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Jamie Isaac

'If I sat down to write a song, I wouldn’t be able to do it,' Jamie Isaac on how he got round to making his hazy, ballad-heavy debut LP...

Anita Awbi
  • By Anita Awbi
  • 18 Jul 2016
  • min read
Twenty-one-year-old songwriter and producer Jamie Isaac is responsible for one of the most hazy, lazy jazz-addled albums of the year.

His debut set, Couch Baby, landed on 8 July carrying all the wonky electronic trademarks of his South London home.

Sonically, it's clear Jamie is indebted to a scene rippling with disparate influences from the likes of Usher, J Dilla and Steve Reich – but he’s also bringing his own love of jazz into the mix.

Through friends and contemporaries King Krule and Jesse James Solomon he found his way into the studio, channeling his classical training in piano and his shimmering ballads into an impressive debut LP.

We spent some time with Jamie to learn more about how he’s redefining the South London sound…

How did you first get into making music?
I started this project in 2011. Before that I was doing stuff on and off. I was in a choir for a bit and my nana used to help me play the piano. I was more into classical music at first and then I delved into jazz when I was 14 or 15, which really influenced me.

When did you first find your voice?
I was in a choir and then my voice dropped. So it was a bit more difficult to find it.

I was really into Chet Baker’s voice - how soulful it was and the way he used it as an instrument. On his album, Chet Baker Sings, his voice is almost like his saxophone. It’s not very high in the mix, it’s quite low down and everything’s floating and progressing together. I really wanted to make something that was a bit of an homage to that.

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Aside from Chet Baker, who or what have been your biggest influences on your sound?
A lot of old rare groove soul. My dad used to play it all the time. For this album, I’ve been really influenced by Marvin Gaye. I got into him over the last couple of years. Other than that, production-wise, I can’t really say much, I don’t really know.

Has your south London home played a part in your sound, would you say?
I grew up in Croydon. I live in Peckham now and used to live in New Cross. I spent a lot of my spare time as a kid in Deptford rather than Croydon – it seemed to have more of a community spirit.

South London is thriving at the moment. There’s no doubt about it. There’s something definitely in the water because there are a lot of people coming out of the area.

How did your debut record come together? Did you have a set plan or was it culmination of a couple of year work?
It definitely wasn’t a planned thing. Suddenly I had all the tracks written and I wanted to do something with them. To start with, I wasn’t really sure if it would be an album or not.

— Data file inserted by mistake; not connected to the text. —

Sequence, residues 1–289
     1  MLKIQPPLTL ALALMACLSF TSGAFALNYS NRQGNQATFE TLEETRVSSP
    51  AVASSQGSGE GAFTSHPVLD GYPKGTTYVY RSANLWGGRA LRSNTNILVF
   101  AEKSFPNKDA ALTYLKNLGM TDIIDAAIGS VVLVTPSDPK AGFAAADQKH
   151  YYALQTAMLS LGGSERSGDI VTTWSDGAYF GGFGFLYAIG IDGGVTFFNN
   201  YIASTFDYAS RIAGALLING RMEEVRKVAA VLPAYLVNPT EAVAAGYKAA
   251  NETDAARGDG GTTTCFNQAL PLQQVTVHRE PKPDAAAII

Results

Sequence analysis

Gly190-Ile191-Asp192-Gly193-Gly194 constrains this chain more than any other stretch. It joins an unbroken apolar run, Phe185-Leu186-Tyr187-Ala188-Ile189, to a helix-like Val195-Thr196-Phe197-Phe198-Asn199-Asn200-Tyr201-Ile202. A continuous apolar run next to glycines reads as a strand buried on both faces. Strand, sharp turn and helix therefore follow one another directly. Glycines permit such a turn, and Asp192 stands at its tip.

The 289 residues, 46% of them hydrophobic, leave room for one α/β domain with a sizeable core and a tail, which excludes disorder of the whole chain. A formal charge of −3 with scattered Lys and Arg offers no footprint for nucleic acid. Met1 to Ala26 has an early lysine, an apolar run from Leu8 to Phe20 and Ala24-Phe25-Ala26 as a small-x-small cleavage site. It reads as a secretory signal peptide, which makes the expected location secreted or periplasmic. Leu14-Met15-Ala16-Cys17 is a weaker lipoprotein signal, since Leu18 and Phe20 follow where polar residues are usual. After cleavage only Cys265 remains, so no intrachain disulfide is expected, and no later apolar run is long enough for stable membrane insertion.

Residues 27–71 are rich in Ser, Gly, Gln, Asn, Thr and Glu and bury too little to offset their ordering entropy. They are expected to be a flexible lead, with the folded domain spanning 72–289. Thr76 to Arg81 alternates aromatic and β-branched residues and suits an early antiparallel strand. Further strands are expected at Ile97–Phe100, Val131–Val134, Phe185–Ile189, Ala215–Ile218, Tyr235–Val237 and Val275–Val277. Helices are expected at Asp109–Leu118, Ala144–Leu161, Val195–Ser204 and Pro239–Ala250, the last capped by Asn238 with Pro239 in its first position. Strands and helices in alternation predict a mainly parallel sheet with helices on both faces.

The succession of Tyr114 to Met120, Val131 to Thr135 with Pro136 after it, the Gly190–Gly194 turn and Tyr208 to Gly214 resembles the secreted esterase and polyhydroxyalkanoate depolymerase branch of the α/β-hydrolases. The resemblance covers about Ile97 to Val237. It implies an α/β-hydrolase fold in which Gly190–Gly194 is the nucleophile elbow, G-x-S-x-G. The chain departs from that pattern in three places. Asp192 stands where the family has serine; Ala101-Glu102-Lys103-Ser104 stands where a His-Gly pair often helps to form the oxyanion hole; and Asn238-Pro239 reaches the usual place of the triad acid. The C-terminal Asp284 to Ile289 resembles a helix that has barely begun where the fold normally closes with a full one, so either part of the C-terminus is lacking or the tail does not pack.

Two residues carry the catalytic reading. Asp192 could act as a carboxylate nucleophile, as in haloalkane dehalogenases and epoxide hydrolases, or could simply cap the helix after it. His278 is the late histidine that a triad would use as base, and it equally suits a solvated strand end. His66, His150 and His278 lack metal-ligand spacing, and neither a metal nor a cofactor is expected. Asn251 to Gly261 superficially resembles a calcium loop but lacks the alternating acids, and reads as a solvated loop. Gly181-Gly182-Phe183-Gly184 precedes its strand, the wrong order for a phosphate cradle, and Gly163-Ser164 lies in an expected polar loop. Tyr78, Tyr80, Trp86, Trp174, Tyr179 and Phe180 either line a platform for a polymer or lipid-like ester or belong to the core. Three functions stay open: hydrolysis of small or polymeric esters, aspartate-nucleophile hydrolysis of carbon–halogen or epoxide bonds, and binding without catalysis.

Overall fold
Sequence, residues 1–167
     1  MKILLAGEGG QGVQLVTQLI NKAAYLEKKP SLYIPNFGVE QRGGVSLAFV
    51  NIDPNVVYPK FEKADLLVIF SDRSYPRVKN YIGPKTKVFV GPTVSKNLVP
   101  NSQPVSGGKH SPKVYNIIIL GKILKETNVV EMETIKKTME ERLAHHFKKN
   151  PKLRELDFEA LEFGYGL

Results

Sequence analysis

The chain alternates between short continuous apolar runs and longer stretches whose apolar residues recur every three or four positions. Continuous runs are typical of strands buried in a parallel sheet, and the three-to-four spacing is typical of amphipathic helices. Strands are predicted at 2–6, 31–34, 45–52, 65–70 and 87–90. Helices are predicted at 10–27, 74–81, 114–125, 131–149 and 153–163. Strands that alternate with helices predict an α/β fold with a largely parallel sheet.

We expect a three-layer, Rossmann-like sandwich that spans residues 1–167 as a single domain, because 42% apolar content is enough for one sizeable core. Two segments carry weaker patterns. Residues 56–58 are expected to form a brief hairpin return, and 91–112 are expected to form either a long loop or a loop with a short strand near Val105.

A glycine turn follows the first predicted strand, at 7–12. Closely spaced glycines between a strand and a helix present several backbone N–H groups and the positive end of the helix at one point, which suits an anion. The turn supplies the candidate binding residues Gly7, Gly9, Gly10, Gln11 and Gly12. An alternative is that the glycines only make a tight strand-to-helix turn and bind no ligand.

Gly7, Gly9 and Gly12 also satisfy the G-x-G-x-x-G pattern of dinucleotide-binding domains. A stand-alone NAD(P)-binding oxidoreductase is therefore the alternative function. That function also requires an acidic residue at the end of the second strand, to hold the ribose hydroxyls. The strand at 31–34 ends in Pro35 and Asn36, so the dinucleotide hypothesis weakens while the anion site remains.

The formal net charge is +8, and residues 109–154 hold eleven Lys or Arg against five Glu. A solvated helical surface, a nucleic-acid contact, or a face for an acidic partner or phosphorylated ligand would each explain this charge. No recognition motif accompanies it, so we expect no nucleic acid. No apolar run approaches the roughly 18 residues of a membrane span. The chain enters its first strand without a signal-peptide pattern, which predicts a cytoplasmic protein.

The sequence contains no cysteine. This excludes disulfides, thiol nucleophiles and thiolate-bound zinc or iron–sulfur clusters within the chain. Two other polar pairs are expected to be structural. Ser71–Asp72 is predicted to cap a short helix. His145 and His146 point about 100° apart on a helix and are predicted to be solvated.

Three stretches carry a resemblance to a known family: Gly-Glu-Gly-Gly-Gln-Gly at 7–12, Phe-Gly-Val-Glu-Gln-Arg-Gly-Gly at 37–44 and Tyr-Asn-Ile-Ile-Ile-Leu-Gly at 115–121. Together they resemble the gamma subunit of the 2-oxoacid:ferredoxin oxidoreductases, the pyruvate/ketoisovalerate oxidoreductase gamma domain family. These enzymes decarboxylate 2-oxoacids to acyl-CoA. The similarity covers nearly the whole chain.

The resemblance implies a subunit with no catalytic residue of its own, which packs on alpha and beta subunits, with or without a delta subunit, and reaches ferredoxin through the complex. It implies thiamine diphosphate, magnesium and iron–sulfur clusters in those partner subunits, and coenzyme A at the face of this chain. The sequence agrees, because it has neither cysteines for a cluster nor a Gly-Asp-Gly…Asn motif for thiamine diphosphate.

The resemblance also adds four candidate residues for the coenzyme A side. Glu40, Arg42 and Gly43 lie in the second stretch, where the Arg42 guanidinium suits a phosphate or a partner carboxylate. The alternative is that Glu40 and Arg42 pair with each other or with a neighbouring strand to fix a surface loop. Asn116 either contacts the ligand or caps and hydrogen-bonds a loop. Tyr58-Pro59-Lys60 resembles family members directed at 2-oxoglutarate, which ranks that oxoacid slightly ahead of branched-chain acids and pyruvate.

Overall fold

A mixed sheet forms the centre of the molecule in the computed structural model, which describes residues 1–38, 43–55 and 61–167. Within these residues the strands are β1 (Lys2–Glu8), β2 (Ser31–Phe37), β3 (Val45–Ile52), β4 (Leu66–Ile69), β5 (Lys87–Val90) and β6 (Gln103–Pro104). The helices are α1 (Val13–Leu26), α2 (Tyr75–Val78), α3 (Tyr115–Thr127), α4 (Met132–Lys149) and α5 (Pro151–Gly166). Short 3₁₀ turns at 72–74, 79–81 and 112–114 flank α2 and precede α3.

The name Couch Baby has literally come from just doing shit all, sitting on a couch smoking weed and making music. That was the environment I was making it in. That’s the thing behind it.

How do your songs start life?
If I sat down to write a song, I wouldn’t be able to do it. I have to think of something when I’m just chilling. Then I’ll run into my room and play the piano for a time to try to get the idea across.

In terms of actually writing a song, I always start at the piano and always do the vocals last. I’d make the beat and sit on it for maybe a couple of weeks before I work out the melody – because I want the vocal to take on an instrumental feel.

A bit more embedded in with the music rather than a topline?
Yes, exactly. It’s much more difficult to do so I struggled with it quite a lot. But I really wanted to keep with that idea.

How do you feel now that the record is out in the world?
I feel so excited. I feel very emotional. I held the vinyl for the first time a couple of weeks ago and I shed a tear because it was one of those moments. I’ve spent two years writing this and I never actually really thought, while I was doing it, that it would amount to this.

Why’s that?
Well, I thought in between me writing it for two years and it coming out, I would be dropped. That paranoia definitely goes through your head constantly. That I’m not writing good enough tracks, or are people are going to like it? I’m so happy people are liking it and feeling the music. I’m just really excited for people to listen to it and make it a record of the summer.

What does the rest of the year hold for you?
Promoting the album. I’m doing Latitude Festival. I’ve got a gig at Corsica Studios on 19 October and then one in Hamburg, I think.

It’s all quite weird because, even doing interviews! I don’t know why people want to know about me or the album. I’m still quite new to all this. I like the idea of it [the album] being over now and I can just get down to doing the fun part. The fun part is making the videos and doing all that stuff. It’s always good to try and do a visual element to it.

Finally, are there any new South London artists that we should be tuning into or looking out for?
Definitely. I know a few. Do you know Jerkcurb? He’s definitely a person who needs more recognition. He’s a big influence for me on mine and Archy’s [King Krule] work. People need to be tuning into his incredible sounds.